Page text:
In the first of a series of occasional articles highlighting new research and developments by member interest groups and other communities, Yves Guérard appraises a new report on climate change and its impact on insurance risk
"How climate change will affect society is a complex question. In addition, climate change - given its potential for systemic impact - can dramatically alter the risk management landscape. The Casualty Actuarial Society, the Canadian Institute of Actuaries, the Society of Actuaries, and the American Academy of Actuaries' Property/Casualty Extreme Events Committee have responded to this emerging risk by collaboratively commissioning committees to recommend, support and perform research on climate change and assess the potential risk management implications for the insurance industry."
This is how the background for the research report Determining the Impact of Climate Change on Insurance Risk and the Global Community was described at a recent SOA meeting. The authors are three Canadian scientists involved in a range of environmental activities. One, Andrew Weaver, has been a lead author in the United Nations Intergovernmental Panel on Climate Change (IPCC).
The credentials of the authors and the well-documented scientific contents make this report a highly credible source of information for all actuaries. The global actuarial community is indebted to the four North American actuarial associations for investing time and resources in commissioning this report and in particular to the members of the Climate Index Working Group for providing guidance to the authors.
The first part of the report is a review of the latest developments in climate science and the role of the IPCC. It is educational in its approach and easy to read.
The report is targeted at an American audience, where denial of the anthropogenic component of climate change is not rare. Thus the authors were careful in dealing with scientific uncertainty that has been misused to stall action, for example, about smoking, chlorofluorocarbons and ozone depletion. They explicitly state that some existing level of uncertainty is not a reason for inaction, as expressed in article 3.3 of the UN Framework Convention on Climate Change (UNFCCC), to which the US and 194 other nations are parties. The report argues that the use of insurance instruments as means of pecuniary protection is highly resonant with this principle.
After reading less than half of the first four chapters, I was persuaded that even hard-core deniers would have been converted already. However, scientific data continues to accumulate for two more chapters, providing the scientific background for the development of climate indices, namely the Actuaries Climate Change Index (ACCI) and the Actuaries Climate Risk Index (ACRI).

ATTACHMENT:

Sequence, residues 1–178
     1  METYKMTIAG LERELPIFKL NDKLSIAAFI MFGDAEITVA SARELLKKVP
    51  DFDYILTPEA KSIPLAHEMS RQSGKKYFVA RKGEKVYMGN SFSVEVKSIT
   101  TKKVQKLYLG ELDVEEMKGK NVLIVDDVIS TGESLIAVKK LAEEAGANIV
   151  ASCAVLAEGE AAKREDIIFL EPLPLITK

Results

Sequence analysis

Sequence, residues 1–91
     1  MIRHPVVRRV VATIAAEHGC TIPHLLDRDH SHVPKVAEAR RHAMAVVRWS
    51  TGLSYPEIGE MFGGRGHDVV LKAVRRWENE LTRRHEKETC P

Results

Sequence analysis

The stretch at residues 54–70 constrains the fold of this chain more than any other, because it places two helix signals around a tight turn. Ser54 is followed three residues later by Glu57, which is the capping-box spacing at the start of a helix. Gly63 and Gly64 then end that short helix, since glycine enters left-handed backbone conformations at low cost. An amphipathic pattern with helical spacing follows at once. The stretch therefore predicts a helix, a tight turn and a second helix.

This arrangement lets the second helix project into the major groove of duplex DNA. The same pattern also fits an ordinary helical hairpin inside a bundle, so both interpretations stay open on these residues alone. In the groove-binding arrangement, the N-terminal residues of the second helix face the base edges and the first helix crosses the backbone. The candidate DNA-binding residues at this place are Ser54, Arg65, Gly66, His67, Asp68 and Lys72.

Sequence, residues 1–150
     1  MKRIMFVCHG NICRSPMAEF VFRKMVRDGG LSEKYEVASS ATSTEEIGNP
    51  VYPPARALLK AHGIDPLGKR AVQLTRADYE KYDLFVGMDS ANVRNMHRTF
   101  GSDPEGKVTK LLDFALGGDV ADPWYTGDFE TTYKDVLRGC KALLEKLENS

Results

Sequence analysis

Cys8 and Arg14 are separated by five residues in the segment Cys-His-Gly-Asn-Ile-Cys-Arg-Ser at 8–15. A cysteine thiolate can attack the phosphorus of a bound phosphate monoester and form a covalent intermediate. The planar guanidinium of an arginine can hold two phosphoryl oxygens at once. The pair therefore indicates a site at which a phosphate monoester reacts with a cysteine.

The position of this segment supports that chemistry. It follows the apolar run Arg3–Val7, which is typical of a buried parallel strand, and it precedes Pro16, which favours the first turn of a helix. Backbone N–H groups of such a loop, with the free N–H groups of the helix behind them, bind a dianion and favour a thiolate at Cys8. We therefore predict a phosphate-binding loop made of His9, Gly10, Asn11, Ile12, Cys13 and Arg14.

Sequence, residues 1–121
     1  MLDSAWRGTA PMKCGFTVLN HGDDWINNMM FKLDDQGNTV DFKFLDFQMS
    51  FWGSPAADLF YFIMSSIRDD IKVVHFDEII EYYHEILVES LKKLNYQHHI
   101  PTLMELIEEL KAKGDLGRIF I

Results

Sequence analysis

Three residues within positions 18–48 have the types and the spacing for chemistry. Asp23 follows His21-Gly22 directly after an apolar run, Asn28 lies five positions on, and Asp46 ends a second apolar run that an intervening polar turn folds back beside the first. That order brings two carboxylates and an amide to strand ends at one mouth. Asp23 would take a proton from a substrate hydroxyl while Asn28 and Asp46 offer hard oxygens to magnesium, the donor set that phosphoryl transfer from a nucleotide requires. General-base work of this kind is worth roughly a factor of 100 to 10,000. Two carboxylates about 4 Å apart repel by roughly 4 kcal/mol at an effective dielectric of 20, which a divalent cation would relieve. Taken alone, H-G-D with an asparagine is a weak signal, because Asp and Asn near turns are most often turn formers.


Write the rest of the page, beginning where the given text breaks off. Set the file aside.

The last three chapters are dedicated to the development of climate indices and risk assessment. The report proposes a definition of risk that "may be estimated quantitatively as the product of separate functions of hazard, exposure of assets and vulnerability".
The formula combines the three functions and would read:
Risk = C f(H) g(E) s(V)
where C is a proportionality constant. The variables H, E and V could reflect time and location. The formula is "modular in the sense that climate hazards, exposure and vulnerability are represented as separate factors". In this form, the Actuarial Index can be directly substituted for f(H). Insurance companies could use that approach to derive adjustments to their risk assessment process, reflecting a consolidated expected impact of climate change. As the conclusions point out, "this would represent a significant advance over existing approaches, which cover only a limited array of climate hazards, and are not standardised to reflect the key role of climate variability". The report concludes that further investigation in any of these areas would reap significant rewards in terms of estimating the threat of hazards arising from climate change on life, property, and natural capital.
I like to respond to that implicit appeal by suggesting two areas for further investigation:
> Could the ACRI underwrite climate bonds that would play a role similar to that of longevity bonds in hedging mortality risks?
> Developing the stochastic dimension for the climate indices.
www.soa.org/Research/Research-Projects/Risk-Management/research-2012-climate-change-reports.aspx. More information on these issues is available on the web pages of the Resource and Environment Group, a member interest group of the Profession
Yves Guérard former secretary-general of the International Actuarial Association from 1997-2010. He was responsible for the creation of the IAA Environment Working Group, which he chaired until May 2012